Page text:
A retired nurse, physical and yoga therapist, and mental health professional offer strategies for coping with uncertainty, anxiety, and all those other emotions caught up in this season of the pandemic.

Verla Fortier, author of Take Back Your Outside Mindset: Live Longer, Prevent Dementia, and Control Your Chronic Illness, speaks about her experience diagnosed with systemic lupus and the discovery of the healing power of trees.

Tianna Meriage-Reiter, DPT, C-IAYT, and owner of the Mind-Body Movement Center talks about her new live streaming yoga classes available at her YouTube channel.

Lee Greenstein-Wein, MSW, shares how specific essential oils can help with situational anxiety or depression. An earlier podcast episode features other healing benefits of essential oils.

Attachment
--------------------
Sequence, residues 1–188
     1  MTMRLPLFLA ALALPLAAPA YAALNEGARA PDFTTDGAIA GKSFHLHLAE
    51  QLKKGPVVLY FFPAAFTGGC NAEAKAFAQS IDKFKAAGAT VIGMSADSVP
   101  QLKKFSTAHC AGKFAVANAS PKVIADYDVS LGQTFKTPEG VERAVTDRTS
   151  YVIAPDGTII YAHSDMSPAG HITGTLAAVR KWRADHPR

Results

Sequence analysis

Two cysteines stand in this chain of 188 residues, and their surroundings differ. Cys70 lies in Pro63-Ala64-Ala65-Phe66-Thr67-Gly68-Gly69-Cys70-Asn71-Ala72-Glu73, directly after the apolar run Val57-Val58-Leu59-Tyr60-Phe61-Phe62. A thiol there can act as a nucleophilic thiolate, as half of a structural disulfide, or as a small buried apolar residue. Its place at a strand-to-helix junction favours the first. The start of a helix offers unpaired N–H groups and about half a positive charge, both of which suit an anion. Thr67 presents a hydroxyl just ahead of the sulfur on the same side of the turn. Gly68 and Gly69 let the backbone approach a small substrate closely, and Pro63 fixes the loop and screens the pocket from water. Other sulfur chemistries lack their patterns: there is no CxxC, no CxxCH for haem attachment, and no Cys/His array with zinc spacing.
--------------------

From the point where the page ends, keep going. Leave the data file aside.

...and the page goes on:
How is the threat of Covid-19 (coronavirus) impacting your life? Beyond fierce hand washing, are you changing how you relate to others? Is social distancing keeping you indoors? Are you second-guessing where you go, what you do, and with whom you spend time?

You’re not alone. People with chronic illness and/or compromised immune systems need to be vigilant as well as mindful.

For a few practical tips, listen to this podcast episode as well as the earlier episode, The Flu is Not for You. Here’s a recipe to create your own hand sanitizer. And if you’re ready for a little levity, check out this reoccurring segment on The Daily Show.

Happy Birthday to you, Happy Birthday to you, Happy Birthday dear scared person, Happy Birthday to YOU

I feel this sense of uneasiness. It grows each day. I’m grateful for when my mind and attention are actively focused on something other than the coronavirus.